BUSRide, with the aid of moderator Gerald Lindsay, spoke with representatives of Wells Fargo Equipment Finance, Customers Commercial Finance, and Bus Solutions Holdings about the state of the motorcoach industry and its financial health in 2023.

How would you describe the state of the new and pre-owned coach markets in 2023?

Samuel Smith: In one word, scarcity. This relates specifically to new and late model pre-owned coaches as demand is at an all-time high but due to supply chain challenges, manufacturers really just have not been able to keep up. The net result is increased values as the cost to manufacture certainly increased, and buyers are paying a very good price for late model, high quality used equipment. I think the situation has also opened the door to equipment manufacturers that operators may have not considered in the past but are willing to purchase based on price and availability. 

Dave Mendenhall: We are running very late on the current Blue Book. Part of it is that there is very little transactional data to keep track of, but the numbers we are seeing are headed drastically north. So, people are willing to pay a lot of money for those coaches that are available.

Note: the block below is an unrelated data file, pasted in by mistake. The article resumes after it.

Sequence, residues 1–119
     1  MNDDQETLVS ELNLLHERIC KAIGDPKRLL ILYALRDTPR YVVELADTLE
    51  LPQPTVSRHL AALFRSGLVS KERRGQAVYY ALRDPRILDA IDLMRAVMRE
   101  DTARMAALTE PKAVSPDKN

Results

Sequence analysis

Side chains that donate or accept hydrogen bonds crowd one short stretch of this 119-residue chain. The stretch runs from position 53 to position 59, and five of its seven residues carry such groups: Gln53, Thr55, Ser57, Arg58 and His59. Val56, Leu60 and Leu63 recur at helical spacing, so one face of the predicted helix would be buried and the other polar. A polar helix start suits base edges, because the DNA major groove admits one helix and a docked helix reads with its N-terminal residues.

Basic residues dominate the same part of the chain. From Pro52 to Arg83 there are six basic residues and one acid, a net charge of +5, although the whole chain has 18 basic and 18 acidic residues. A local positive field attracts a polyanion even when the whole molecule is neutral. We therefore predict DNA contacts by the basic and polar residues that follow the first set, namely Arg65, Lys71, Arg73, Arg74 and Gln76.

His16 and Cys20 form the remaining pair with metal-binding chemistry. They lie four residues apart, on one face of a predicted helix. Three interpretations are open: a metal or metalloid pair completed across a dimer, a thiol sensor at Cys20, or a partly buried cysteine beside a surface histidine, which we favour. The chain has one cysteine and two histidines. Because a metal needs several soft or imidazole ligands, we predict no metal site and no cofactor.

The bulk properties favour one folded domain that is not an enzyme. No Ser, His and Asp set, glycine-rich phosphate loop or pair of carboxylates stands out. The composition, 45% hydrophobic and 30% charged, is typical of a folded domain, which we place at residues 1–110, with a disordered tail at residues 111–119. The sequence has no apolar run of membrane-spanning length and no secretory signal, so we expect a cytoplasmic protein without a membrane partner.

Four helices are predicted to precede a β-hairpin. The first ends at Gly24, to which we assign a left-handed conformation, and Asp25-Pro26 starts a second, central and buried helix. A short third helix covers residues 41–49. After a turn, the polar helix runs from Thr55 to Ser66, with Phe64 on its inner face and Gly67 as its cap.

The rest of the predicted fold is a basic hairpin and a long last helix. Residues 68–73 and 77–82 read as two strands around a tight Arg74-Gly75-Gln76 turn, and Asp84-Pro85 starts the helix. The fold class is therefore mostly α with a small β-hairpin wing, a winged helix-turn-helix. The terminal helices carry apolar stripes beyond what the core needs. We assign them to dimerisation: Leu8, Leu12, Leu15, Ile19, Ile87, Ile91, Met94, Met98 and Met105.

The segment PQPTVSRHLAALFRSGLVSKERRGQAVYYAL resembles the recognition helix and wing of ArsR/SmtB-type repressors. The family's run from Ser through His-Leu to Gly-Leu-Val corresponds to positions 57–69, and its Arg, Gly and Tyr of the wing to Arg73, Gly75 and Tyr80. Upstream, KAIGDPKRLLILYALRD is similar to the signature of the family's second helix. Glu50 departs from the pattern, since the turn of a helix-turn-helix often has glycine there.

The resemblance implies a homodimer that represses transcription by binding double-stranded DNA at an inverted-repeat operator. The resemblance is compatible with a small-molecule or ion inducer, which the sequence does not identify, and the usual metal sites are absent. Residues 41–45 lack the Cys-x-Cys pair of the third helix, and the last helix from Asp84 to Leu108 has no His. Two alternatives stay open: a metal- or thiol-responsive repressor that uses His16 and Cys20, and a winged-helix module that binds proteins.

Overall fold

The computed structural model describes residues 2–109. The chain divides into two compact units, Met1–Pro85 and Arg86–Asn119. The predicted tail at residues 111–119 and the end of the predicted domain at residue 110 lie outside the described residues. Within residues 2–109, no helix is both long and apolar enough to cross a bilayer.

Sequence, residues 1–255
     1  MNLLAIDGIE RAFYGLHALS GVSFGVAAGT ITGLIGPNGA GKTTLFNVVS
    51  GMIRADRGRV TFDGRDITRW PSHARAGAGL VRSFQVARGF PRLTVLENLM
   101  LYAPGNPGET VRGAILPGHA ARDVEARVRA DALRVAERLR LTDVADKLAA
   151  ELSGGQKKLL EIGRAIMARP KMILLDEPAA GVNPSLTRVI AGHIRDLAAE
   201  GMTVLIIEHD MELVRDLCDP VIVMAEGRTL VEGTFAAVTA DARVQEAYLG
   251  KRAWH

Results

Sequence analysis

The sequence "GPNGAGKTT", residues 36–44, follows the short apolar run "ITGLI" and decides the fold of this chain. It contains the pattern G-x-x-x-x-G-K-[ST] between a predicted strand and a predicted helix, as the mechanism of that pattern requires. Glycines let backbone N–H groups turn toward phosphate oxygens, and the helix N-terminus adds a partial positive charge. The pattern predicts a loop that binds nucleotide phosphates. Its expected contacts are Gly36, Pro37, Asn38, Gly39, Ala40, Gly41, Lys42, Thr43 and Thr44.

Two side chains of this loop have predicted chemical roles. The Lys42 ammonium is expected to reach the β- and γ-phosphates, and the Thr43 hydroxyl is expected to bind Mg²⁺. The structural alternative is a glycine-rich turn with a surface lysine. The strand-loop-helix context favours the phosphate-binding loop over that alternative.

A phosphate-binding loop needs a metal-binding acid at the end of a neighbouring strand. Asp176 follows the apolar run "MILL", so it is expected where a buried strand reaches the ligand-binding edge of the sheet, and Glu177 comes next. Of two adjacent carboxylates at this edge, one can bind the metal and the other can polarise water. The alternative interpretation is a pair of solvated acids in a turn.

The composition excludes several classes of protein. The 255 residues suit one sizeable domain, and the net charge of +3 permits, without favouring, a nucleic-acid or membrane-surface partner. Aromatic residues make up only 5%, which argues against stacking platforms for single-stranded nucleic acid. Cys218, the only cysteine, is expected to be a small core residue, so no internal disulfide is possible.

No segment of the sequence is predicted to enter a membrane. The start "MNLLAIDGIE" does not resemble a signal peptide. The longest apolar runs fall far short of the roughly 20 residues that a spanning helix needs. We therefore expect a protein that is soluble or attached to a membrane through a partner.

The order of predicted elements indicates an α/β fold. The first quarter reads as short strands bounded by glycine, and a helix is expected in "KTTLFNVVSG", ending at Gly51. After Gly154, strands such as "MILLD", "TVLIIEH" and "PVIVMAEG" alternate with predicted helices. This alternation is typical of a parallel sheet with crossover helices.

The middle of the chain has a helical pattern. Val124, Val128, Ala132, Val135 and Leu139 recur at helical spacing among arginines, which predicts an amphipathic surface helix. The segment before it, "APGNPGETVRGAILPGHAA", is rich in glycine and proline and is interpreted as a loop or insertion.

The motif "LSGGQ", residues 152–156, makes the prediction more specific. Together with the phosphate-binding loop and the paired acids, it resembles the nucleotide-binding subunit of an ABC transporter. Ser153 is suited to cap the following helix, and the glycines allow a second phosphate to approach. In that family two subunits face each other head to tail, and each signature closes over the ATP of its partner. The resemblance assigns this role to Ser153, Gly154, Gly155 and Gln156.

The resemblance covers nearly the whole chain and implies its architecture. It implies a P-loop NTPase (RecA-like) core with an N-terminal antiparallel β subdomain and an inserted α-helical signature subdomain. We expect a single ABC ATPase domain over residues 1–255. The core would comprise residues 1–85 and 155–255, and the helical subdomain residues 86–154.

Matt Hotchkiss: The used coach prices, especially for the late model coaches, are very high. In fact, it is sometimes uncomfortably high because of the high demand and scarcity of used coaches. This is further exacerbated by the supply chain issues delaying the availability of new coaches.  As a result, buyers are forced to purchase a late model used coach at a high price point.  As far as new coach prices go, also because of the scarcity of production, vendors are not willing to negotiate, so those prices are tipping on the high end in almost all cases.

What is your impression of the overall profitability and financial health of your customers last year, and going into this next year?

Hotchkiss: In general, companies are making historic margins this year.   Since demand exceeds supply, operators are getting the price that they want, which makes their margins very strong. They have problems with driver shortages and expenses, but they can recover those by charging the price they need to make their business profitable.  There still are segments of the industry, however, that are lagging. We have a sizeable segment of customers that have not yet turned the corner, for a variety of reasons, but I think one of the biggest would be that they are more contract based. With contract-based businesses, a price is set when the contract is signed and cannot be increased until the contract expires and is renewed. We see some of this in the motorcoach industry but considerably more in the school bus industry.  That is probably the biggest reason why some of these companies have not yet recovered, but most of them are doing great right now.